Though structuralist philosophical debates often hinge on establishing definitional hierarchies, when there is disagreement in mathematics, it rarely involves arguing over which definition of a single entity is more “superior” or “truer” than others. An example that shows such indifference of mathematicians towards varying constructions of equivalent entities is the Euler’s number “e”: whichever definition of the irrational number the mathematician adopts between the limit definition of the irrational number, n (1+1n)n, and the series definition, 10!+11!+12!+13!+, there is no significant difference in the goals and results of mathematical practice. Another is that although Dedekind cuts and Cantor’s construction employ different methods, they both produce isomorphic results of complete ordered fields. Mathematicians are not really concerned in classifying which definition is better; they are solely interested in the characteristics of complete ordered fields.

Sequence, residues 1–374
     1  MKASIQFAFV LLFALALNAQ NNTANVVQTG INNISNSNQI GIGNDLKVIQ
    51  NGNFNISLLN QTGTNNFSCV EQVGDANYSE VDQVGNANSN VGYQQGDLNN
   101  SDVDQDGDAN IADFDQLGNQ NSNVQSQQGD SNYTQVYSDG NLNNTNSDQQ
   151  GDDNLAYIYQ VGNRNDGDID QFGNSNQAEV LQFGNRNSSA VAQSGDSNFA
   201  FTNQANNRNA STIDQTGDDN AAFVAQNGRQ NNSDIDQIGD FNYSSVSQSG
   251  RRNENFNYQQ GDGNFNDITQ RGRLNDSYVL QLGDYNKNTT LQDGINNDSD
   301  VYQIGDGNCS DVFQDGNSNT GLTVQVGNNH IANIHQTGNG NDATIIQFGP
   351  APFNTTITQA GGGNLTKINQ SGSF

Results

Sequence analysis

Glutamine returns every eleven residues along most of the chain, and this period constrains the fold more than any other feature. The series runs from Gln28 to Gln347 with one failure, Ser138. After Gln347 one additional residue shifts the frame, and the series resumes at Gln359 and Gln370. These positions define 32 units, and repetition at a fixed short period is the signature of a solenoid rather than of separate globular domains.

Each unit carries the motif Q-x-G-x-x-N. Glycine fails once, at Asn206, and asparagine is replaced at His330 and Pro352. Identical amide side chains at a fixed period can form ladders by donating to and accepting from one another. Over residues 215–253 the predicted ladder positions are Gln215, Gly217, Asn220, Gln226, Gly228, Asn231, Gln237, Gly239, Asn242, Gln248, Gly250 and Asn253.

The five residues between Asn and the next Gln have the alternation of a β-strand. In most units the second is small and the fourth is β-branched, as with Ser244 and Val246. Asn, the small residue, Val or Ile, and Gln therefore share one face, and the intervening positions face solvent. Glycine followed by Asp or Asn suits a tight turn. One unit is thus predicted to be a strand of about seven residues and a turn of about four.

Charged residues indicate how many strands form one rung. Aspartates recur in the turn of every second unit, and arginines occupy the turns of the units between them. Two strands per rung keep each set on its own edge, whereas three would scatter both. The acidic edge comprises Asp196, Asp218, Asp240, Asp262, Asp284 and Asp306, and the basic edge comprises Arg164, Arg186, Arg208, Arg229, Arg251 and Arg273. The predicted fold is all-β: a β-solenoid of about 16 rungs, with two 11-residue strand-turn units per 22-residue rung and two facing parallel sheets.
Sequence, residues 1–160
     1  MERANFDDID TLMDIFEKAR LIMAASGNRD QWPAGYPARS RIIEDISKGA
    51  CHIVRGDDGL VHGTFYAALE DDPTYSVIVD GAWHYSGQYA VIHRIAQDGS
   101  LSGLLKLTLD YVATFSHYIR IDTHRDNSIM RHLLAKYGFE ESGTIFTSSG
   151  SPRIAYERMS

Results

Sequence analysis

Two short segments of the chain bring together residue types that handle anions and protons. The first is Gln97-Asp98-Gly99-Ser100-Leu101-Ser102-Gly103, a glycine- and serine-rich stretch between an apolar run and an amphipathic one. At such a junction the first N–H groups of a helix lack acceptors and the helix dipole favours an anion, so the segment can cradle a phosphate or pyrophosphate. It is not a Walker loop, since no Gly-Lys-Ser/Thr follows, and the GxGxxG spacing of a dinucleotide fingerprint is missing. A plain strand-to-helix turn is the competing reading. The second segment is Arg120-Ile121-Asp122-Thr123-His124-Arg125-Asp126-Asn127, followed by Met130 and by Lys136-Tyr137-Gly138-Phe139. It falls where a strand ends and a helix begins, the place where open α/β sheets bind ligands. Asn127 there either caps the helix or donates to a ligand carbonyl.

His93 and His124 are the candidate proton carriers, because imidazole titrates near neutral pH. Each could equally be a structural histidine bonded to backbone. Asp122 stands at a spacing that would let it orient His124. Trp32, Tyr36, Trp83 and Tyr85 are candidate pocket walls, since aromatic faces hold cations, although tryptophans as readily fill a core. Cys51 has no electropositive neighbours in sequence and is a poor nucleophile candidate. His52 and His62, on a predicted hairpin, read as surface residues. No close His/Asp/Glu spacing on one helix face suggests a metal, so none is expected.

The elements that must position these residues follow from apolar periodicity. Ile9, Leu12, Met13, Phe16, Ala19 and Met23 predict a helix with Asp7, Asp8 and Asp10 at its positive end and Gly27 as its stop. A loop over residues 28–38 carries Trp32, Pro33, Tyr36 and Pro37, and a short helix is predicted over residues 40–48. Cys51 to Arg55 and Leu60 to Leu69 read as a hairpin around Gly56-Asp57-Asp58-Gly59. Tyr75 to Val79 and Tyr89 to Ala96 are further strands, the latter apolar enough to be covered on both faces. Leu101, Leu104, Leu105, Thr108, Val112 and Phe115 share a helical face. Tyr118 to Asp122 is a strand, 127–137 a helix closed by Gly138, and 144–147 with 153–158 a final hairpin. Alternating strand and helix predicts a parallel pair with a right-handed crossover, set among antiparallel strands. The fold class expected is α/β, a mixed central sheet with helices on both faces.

In principle, it can be argued that there exists a “relativity” of definitions in subfields of mathematics, where one definition is more fitting for a certain mathematical enterprise than others. The relationship between the number π and computational theory is one such example. Listing some of the numerous definitions of π,

1. Geometric definition: “the ratio of any circle’s circumference to diameter”

2. Gottfried Leibniz’ series: 1–1/3+1/5–1/7+1/9–…=π/4

3. Buffon’s needle in probability theory: a statistical approximation of π by dropping needles on a grid of parallel lines

4. Gaussian integrals

5. Machin’s formula

and many more. The efficiency for computing out the decimal places of π is the fastest when using algorithms based on the Ramanujan-Sato series, while Leibniz’s Formula requires hundreds of terms to calculate few digits. Nevertheless, both are equally valid definitions of π in that in most of mathematics where only the properties of the number would be of concern, the “relativity” between definitions becomes unimportant. When engineers at NASA are using π to make calculations about orbits of spherical bodies, they are interested in the property of “3.141592…” at the moment, not the method that was used to derive it. Therefore, mathematicians should not devote their energy in arguing between different definitions when the outcomes are equivalent.